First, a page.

Weekly Market Summary
President Trump, the economy and the Federal Reserve played pivotal roles in the U.S. stock market this week. Stocks were basically flat to start the week in anticipation of Trump’s first address to a joint session of Congress. A slightly disappointing gross domestic product reading cooled stocks on Tuesday, but they came roaring back on Wednesday. Some analysts believe it was a positive reaction to the president’s Tuesday night speech, in which he again promised major policy changes, including tax reform and an increase in infrastructure spending. Others believe that this was merely a “short squeeze” as short-sellers covered their positions to stop mounting losses in the face of the market’s latest rally. At the end of the week, Wall Street digested a host of speeches from Fed officials, with most striking hawkish tones regarding future interest rate increases. On Friday, four officials stepped to the mic, including Fed Chair Janet Yellen and Vice Chair Stanley Fischer. Yellen confirmed the central bank could adjust interest rates at the FOMC meeting later this month “if employment and inflation are continuing to evolve in line with our expectations.” As of Friday’s close, the CME Group’s FedWatch Tool placed at the probability of a March rate increase at 79.9%, up from 26.6% a week ago and up from 77.5% on Thursday.
The Dow Jones Industrial Average (DJIA) added 0.9% this week to close at 21,005.71. Tuesday saw the index’s streak of record closings end at 12. If the blue-chip index had posted a gain on Tuesday, this would have set the longest streak in its 120-year history. Instead, it had to settle on matching the record for the shortest period to move 1,000 points from one millennium number to the next, according to The Wall Street Journal. It took 24 trading days—from January 25 to March 1, for the index to climb from 20,000 to 21,000, matching the time it took to move from 10,000 to 11,000 in 1999. However, this 1,000-point move was only 5% compared to the 10% move back in 1999. The index has now closed above 21,000 for three consecutive days, although it has not moved much since clearing the threshold. We will have to wait to see if 21,000 becomes a support level. Below that is the 50-day moving average at 20,169.53. For February, the Dow added 4.8%, its best monthly gain since November.
The S&P 500 Index (SPX) advanced 0.6% this week to 2,383.12. This was the large-cap indexes sixth consecutive weekly gain. After gapping upward on Wednesday, and breaking through a minor resistance level, we will wait to see if that gap offers support to the downside around 2,370 – 2,375. Below that is round-number support around 2,300 as well as the 50-day moving average at 2,299.98. For the month, the S&P 500 climbed 3.7% for its best month since March 2016. This is also the first time the index has posted gains in both January and February since 2013.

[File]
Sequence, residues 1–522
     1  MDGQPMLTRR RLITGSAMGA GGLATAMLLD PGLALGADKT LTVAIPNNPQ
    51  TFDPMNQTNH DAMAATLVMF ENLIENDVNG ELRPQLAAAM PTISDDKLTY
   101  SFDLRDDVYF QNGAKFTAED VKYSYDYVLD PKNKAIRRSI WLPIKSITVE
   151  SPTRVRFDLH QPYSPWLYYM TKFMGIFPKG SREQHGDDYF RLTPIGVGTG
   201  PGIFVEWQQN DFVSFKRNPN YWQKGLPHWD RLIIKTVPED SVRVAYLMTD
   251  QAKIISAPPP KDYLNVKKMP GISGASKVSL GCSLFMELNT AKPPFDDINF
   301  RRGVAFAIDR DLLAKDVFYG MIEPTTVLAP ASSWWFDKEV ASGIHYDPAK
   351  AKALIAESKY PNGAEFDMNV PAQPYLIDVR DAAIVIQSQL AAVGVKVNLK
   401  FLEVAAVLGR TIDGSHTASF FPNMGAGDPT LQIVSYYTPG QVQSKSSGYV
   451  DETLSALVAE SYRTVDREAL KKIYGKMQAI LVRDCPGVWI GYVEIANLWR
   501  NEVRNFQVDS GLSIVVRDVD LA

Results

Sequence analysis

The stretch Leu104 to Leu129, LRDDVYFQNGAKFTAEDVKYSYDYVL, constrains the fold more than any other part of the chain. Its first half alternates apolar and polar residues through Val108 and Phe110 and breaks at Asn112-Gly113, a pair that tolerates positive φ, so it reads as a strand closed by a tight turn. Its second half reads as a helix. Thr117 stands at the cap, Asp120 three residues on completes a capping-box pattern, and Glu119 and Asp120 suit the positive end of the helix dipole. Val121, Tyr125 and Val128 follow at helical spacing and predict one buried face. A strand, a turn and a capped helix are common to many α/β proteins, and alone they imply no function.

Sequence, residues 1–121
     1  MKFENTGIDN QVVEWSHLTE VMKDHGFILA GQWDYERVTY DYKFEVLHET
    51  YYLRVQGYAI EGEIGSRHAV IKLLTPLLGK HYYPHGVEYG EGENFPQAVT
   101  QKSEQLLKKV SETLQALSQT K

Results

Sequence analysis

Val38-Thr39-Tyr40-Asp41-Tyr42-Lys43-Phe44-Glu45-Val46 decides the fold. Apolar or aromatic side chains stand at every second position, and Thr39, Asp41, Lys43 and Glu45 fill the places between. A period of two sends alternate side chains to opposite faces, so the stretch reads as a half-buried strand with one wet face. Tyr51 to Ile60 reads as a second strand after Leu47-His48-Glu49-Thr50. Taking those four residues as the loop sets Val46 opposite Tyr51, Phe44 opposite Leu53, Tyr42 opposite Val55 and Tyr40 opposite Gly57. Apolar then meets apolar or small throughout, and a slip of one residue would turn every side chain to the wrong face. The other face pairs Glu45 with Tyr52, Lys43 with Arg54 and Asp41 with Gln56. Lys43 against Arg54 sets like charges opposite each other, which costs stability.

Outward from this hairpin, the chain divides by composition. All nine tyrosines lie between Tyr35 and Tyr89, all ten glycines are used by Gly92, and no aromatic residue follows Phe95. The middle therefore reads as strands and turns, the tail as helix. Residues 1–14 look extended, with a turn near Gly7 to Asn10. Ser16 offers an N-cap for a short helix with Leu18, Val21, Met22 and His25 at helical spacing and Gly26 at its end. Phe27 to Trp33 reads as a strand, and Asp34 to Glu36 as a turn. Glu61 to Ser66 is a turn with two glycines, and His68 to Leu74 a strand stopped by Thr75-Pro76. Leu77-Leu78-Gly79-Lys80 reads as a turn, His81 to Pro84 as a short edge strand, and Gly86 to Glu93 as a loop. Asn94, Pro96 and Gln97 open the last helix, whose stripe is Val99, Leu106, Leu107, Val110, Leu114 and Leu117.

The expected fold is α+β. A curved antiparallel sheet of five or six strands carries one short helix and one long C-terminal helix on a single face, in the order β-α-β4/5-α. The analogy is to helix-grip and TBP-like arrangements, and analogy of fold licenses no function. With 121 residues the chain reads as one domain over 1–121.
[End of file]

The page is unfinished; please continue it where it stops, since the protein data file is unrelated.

This week, three of the 10 S&P Sector SPDRs posted losses, as Real Estate (XLRE) lagged all sectors with a 0.7% decline. Consumer Staples (XLP) and Utilities (XLU) were also down for the week. Financials (XLF) jumped 2.3% for the week in anticipation of rising interest rates. The Technology (XLK) sector ticked upward 0.4% for the week. For the month of February, Health Care (XLV) was the strongest sector, adding 6.3%, followed by Utilities (XLU) and Financials (XLF), which both advanced 5.3%. The sole sector that was down for the month was Energy (XLE), which fell 2.1%. The Technology sector (XLK) was up 4.5% in February.
The broad market Wilshire 5000 (W5000) index again posted a weekly gain of 0.5% to close Friday at 24,819.01. The index gapped above previous resistance at 24,750 on Wednesday, moving above 25,000 on an intraday basis for the first tie but failing to close above this round-number milestone. The index did set a record close on Wednesday at 24,960.78. We will watch to see if 25,000 become a short-term resistance level. To the downside, there may be support where there was previously resistance around 24,750. Below that is round-number support at 24,000 and the 50-day moving average at 24,046.51. For February, the Wilshire 5000 posted a 3.2% gain.
The tech-heavy Nasdaq Composite (COMP) also notched its sixth consecutive weekly win after rising 0.4% for the week to 5,870.75. The index eased off Wednesday’s record close on Thursday and we will watch to see if the 5,900 level becomes short-term resistance. We look for round-number support at 5,800 and below that is the 50-day moving average at 5,640.01. The index advanced 3.8% in February, giving it its first four-month winning streak for the first time since 2013.
The Russell 2000 (RUT) index of smaller stocks was flat this week, ticking downward by 0.03%, again adding to the speculation that current rally may be confined to larger stocks and not the broader market. The index now stands at 1,394.13. We continue to wonder if the 1,400 mark is becoming a resistance point, as the index traded above it for three consecutive days this week but was never able to close above 1,400. To the downside, the 50-day moving average (1,375.84) has been a reliable floor over the last several weeks. For the month the Russell 2000 gained 1.8%, lagging its larger-cap cousins.
The CBOE Volatility Index (VIX) fell 4.4%% this week to 10.96. For February, the “fear gauge” added 7.8%.
Computerized Investing Market Dashboard Indicators
This week, one of the Market Dashboard indicators triggered a new neutral signal, switching from bullish. However, none of the Dashboard indicators triggered confirming bearish or bullish signals this week.
To see the current signals of all the dashboard indicators, visit the CI Market Dashboard.
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